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Beware the Registered Investment Adviser

RIAs must put clients’ interests first, but don’t always do so

Arnold and Cheryl Levy were a year away from retiring in the summer of 2009 when their investment adviser bought into a fund betting on a drop in emerging markets with almost $200,000 of Arnold’s retirement money. The Levys were coping with a family illness and didn’t notice the trade until that December, when the adviser, Jeffrey Liskov, alerted them to losses on the fund, the Levys say. According to court filings, they lost about $85,000 on the ProShares UltraShort MSCI Emerging Markets exchange-traded fund. “We were just beside ourselves,” says Cheryl, 67.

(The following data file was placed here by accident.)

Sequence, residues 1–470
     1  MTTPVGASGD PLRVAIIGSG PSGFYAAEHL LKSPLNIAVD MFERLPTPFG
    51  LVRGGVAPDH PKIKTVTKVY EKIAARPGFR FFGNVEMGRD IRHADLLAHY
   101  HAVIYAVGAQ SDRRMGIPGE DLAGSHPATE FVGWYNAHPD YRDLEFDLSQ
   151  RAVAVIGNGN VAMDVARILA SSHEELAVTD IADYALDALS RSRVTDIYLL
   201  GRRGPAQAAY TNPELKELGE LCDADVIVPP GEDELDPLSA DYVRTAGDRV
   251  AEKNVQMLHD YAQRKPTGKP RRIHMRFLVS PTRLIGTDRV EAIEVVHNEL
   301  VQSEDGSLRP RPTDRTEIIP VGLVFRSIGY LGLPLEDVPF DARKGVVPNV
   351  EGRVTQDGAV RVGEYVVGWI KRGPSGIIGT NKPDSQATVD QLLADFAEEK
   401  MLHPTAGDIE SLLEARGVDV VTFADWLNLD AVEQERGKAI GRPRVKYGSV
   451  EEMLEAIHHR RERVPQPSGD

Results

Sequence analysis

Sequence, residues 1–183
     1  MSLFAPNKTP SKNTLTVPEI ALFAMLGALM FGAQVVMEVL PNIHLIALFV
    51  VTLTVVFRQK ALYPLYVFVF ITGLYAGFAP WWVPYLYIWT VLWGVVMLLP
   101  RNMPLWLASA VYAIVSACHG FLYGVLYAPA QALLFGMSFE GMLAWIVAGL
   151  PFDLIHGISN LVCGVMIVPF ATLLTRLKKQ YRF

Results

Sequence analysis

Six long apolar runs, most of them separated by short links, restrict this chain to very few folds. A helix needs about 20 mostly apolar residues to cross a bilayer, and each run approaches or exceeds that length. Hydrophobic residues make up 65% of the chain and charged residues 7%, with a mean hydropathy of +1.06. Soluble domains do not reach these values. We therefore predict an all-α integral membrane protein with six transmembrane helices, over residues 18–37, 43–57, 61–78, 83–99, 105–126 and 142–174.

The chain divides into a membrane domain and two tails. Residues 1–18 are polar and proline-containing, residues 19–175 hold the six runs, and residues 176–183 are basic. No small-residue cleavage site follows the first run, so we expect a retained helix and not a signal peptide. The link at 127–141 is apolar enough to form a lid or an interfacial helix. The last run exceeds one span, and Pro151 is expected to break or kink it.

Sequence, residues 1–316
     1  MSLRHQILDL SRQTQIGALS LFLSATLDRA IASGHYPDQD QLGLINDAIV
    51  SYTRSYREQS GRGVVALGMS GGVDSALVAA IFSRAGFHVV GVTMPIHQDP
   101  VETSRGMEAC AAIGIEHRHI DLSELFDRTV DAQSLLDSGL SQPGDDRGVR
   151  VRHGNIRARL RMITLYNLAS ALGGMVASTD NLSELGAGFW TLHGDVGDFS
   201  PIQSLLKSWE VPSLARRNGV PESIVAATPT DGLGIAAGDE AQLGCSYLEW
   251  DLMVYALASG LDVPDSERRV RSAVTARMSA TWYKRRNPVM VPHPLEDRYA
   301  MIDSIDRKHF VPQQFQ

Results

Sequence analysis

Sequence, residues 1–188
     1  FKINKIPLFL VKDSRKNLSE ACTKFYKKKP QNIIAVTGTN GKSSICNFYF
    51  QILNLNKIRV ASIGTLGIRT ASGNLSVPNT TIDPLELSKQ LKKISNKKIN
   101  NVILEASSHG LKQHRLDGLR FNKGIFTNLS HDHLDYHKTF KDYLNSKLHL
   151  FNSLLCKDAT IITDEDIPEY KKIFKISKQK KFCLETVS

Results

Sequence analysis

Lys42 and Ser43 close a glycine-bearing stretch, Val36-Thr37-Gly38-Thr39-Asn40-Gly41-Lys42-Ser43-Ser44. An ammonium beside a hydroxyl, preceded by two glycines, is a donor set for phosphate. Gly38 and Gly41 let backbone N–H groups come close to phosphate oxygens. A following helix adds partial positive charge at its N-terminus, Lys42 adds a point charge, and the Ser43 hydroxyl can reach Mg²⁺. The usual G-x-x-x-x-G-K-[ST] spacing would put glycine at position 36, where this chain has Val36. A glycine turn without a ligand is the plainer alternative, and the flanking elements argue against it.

Liskov’s firm was a registered investment adviser, a category of company that has been billed as an alternative to traditional brokers. In theory, RIAs, which employ 285,000 advisers, are legally bound to put their clients’ interests first and typically charge fees instead of commissions. By contrast, most broker-dealers charge a commission, and the standards they must adhere to are less stringent; brokers are required to ensure that investments are “suitable” for customers, but they’re not under any obligation to put a client’s financial interests ahead of their own.